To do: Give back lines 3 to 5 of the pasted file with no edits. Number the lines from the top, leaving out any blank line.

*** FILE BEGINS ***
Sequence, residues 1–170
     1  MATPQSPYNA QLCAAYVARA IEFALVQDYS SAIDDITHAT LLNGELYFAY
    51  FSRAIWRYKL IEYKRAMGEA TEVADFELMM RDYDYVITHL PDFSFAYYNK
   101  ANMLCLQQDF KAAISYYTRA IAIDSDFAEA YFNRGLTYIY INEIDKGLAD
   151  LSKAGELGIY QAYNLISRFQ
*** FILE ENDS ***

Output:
    51  FSRAIWRYKL IEYKRAMGEA TEVADFELMM RDYDYVITHL PDFSFAYYNK
   101  ANMLCLQQDF KAAISYYTRA IAIDSDFAEA YFNRGLTYIY INEIDKGLAD
   151  LSKAGELGIY QAYNLISRFQ